– Tenants not paying on time –> have very strict and aggressive late fee policies. I actually like it when my tenants pay late. I have made upwards of $150-250 extra per month!

      – Tenants calling you about repairs –> you must be very careful how you handle the tenant-LL dynamic. You can’t be too nice. Keep pointing out the agreement they signed. Remind them this is a rent to own, and deviation from the agreement can compromise their ability to own (i.e., if they want to be treated like tenants, they will lose their stake in becoming an owner)

      – Most of the time the house goes down the tubes –> I have NEVER had this happen. Both with those who actually end up purchasing or those who don’t. EVEN IN THOSE WHO ARE EVICTED. None trash it. I am not sure what you’re doing wrong here. Maybe your screening process is suboptimal.

      – Straight rent is better –> Absolutely not! Inless you like “tenants toilets and tough headaches.” You also lose independence.

      • We each have our own experience, but what I said in my original statement is true and I’m standing by it.

        In our area, screening tenants and asking for a sizeable down payment will simply not work. The competition is too fierce and the prospective tenants will just go to your competitor when you attempt screening them as you would do in a normal rental situation. There are just too many investors doing Rent-to-Own in our area. Forget about it!

        I’m just saying that you make this sound like you’ll be in rental nirvana–it’s not. This just doesn’t represent my experience with tenant/buyers. Collecting rent, having damage done to my rental property well beyond the upfront option money was common with my tenants. I would only suggest that this be done in states where eviction laws are more favorable to landlords and not tenants as well.

        • Phil Pustejovsky says:

          Intense competition of other investors offering Rent to Owns is incredibly rare. Sorry to hear that you are in one of the very few places in America that has that problem. You’re what they call in statistics, an Outlier.

  4. Kevin Burns says:

    Rent to Own is by far the best method!

  5. Doug Sweitzer says:

    I would like to see a copy of the rent to own contract. Do you have to supply an amortization schedule with the contract to show the credit the buyer recieves for additional payments?

    • Phil Pustejovsky says:

      It’s not a loan with a note. It’s an option agreement. You can display the option price reduction by month if you want.

    • Doug, there should be no amort sched, as YOU ARE NOT financing them. This must not be misconstrued. Serious implications if it is..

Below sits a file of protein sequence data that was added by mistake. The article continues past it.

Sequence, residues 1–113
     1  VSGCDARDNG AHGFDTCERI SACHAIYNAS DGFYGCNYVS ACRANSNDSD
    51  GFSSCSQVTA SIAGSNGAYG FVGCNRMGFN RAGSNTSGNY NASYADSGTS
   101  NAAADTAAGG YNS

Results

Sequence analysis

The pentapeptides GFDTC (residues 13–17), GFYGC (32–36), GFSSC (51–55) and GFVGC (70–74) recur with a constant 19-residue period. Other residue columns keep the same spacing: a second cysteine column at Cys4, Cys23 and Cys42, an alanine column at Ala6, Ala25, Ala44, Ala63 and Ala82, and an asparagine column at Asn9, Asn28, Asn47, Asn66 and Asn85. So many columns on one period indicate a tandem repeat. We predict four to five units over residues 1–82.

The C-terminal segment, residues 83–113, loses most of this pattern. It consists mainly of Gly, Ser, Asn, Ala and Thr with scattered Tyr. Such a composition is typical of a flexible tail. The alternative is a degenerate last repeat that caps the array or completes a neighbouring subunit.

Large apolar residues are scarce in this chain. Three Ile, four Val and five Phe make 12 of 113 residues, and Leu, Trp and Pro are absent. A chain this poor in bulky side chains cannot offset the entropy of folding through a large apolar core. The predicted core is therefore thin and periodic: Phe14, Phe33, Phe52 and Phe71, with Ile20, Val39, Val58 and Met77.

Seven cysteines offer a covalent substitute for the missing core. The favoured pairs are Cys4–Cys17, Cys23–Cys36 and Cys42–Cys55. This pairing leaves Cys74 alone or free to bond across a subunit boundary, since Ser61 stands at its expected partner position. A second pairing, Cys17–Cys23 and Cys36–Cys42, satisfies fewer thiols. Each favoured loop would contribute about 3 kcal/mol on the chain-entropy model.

6. Dennis Smith says:

    I am wanting to start renting to own or Lease with Option to Purchase. I’ll need to see what the rules are here in Colorado for rent credit and get the contracts ready. Homes are very expensive compared to rental rate, so it may have a low cap rate, so I’m not sure how easily we will be able to do here, but may try in other cities. My question is: if you are offering rent credit ($300/mo) in your example, I’m guessing that the 90% that don’t want to exercise their option could want their rent credit back. They may be entitled to it since it would be considered “Equitable interest”. How do you handle the issue of Equitable Interest? Is there something in the contract that states that they don’t get that back? Did I not understand what you were suggesting? Thanks for your videos.

    • Phil Pustejovsky says:

      We’ve hired some of the smartest attorneys in America on this and many other subjects of creative real estate investing and spent a small fortune in legal fees. Our attorneys, including one in Colorado, argue that Option Agreements don’t establish equitable interest, only bi lateral purchase contracts. Now, for some who may read this in other states, if rents credits were to bump the transaction into a problematic legal situation, the solution is insanely simple. You negotiate the original option price and then offer to drop it in exchange for a higher rental rate. Then, there is no actual rent credit on the option agreement but the tenant buyer still gets the benefit of the lower option price in exchange for a higher rental amount.

  7. bernadette says:

    what happens after a year? if the people dont exercise the option do you have them leave so you can start over again? how long is their leaese option period?

    • Phil Pustejovsky says:

      Depends. Sometimes I raise the rent and leave the same option agreement in place. If they are awful to deal with, I end it altogether. Sometimes J get an additional option payment. Sometimes I raise the option amount. Many different ways to handle it.

  8. Doug Sweitzer says:

    I have done a few owner finance sales at 20% down, rental based payments, 10% interest for 12 years. They almost all ended up getting their own financing and paid me off. The sale prices were slightly above market so I came out great after 2 to 5 years of payments. Only one Skipped out and I had to for close selling the house at auction on the courthouse steps.I recovered all legal expenses and the bids went above market value plus I had the 20%down.

    • Phil Pustejovsky says: